(aka: Deutscher Spitz Klein (small), Deutscher Mittel Spitz (standard), Deutscher Gross Spitz (giant))
The German Spitz is actually a close relative to the Pomeranian, resembling them closely in size and appearance. Spitz come in a variety of ways, different in colors as well as sizes. There are three sizes of the German Spitz: giant, standard and toy. The giant actually isn't giant at all compared to other Mastiffs and Samoyeds that developed around the same areas.
They are fluffy, highly-feathered dogs with perfectly proportioned bodies. They have a large coat that requires quite a bit of maintenance, but most are unable to resist their "smiling" faces. German Spitz are a confident breed, doing well in the show ring, as long as you can train them.
German Spitz Temperament
German Spitz are confident, refined, and are happy to join you on a long walk. They have been said to behave much like a child: anxious to please, yet still trying to get what they want. Some are not happy around strangers or strange dogs, and they are not easily trained. Some are yappy if not taught when barking is ok. German Spitz are alert, watchful and affectionate to their owners. They will enjoy exercising or cuddling by the fire. They have a hierarchy among the breed, allowing the youngest adult to play with puppies when a litter is present. They are happy and bouncy, always yearning for attention. They are active, intelligent and devoted to their owners. They are often reluctant towards grooming.
German Spitz require quite a bit of grooming, or their coat can get matted. They should receive vigorous daily brushing of the coat with a softer brush. Most grooming brushes for dogs are too harsh for this breed. They rarely need baths, and should not have a doggy odor.
In Europe, Spitz-type dogs were associated with the hunter gatherers of the first stone age, going back some 6000 years, but if we want to look for the origin specifically of the German Spitz, we turn to it's immediate forebear, the Turfspitz (canis familiaris palustris). In the Northern German plain that stretched from the Rhine to Vistula in the east and covering most of Denmark, was a very swampy area. People living in this area had to build their houses on stilts above the swamps and were buried in, what today has turned into peat-bogs. The remains of people and their dogs have been excavated from these peat-bogs and the dogs are believed to be the forerunners of the Wolfspitz. They were all in a remarkable state of preservation. There is evidence that people living from Bodensee, in Germany, to L.Ladoga (east of Leningrad) kept these dogs and, because house-dogs and herders were of the greatest use to non-nomadic people, it is believed that they set out to deliberately breed out the hunting instinct that characterizes dogs of nomads. Any one owning a Spitz could argue that they were only partially successful unless compared to the likes of the Beagle or Afghan breeds.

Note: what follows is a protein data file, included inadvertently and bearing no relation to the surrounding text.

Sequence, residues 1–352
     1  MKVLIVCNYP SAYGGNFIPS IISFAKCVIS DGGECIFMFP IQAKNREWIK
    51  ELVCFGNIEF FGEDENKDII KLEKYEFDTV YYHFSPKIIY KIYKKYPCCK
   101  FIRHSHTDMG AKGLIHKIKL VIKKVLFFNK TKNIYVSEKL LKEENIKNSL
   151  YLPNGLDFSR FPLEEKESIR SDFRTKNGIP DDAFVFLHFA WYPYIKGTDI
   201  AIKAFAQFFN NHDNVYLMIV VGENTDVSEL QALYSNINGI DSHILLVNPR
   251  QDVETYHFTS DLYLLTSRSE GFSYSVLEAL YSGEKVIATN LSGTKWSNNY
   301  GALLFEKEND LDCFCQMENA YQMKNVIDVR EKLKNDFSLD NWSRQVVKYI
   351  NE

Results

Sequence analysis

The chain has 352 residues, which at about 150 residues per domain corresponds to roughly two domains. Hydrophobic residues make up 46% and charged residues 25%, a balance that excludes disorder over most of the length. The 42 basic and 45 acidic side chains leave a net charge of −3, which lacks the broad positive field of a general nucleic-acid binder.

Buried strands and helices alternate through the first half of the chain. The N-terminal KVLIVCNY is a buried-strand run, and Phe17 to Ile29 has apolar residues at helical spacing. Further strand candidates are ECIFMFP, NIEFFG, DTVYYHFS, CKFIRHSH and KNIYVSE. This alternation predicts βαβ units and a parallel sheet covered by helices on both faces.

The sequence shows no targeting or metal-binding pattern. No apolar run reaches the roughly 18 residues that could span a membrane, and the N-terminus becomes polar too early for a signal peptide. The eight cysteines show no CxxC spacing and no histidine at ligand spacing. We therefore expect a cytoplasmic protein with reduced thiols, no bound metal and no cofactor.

Prior to 1871 Germany did not exist in its present form, but consisted of small kingdoms, princedoms and dukedoms, whose boundaries, especially the further east they traveled, were constantly changing. It is not surprising to find that different countries developed different Spitz to suit their own needs. All of them came under the general name of "Mistbeller," a word which sounds charming to an English ear but which actually translates to "dung-hill barker." They were invariably dogs that would stand on top of the dung heap and bark.
In England the breed became popular in the 18th Century. When Queen Anne died in 1714, the great grandson of James I came to the throne. He was of course the elector of Hannover, better known as George I. His wife was German and his descendents also married German aristocrats bringing German visitors to the English court to visit. They brought with them the forerunners of today's German Spitz which became very fashionable and were know as "Pomeranians" as they were believed to originate from a place called Pommern. They did not resemble the breed known as a Pomeranian today however as they were much larger in size.
The decline of the breed in the UK is believed to have begun due to the First world war and along with many other German breeds went rapidly out of favor in the wave of patriotism that swept the country at this time.
Training should begin early in life, as they are not easily obedient. They need firm positive training, and if not trained they will probably yap a lot. They are easily bored with repetitive tasks, and therefore should be kept entertained.
Some health problems seen in the German Spitz include: dental problems, luxating patella, patent ductus arteriosus (congenital heart defect), PRA (Progressive Retinal Atrophy), and tracheal collapse.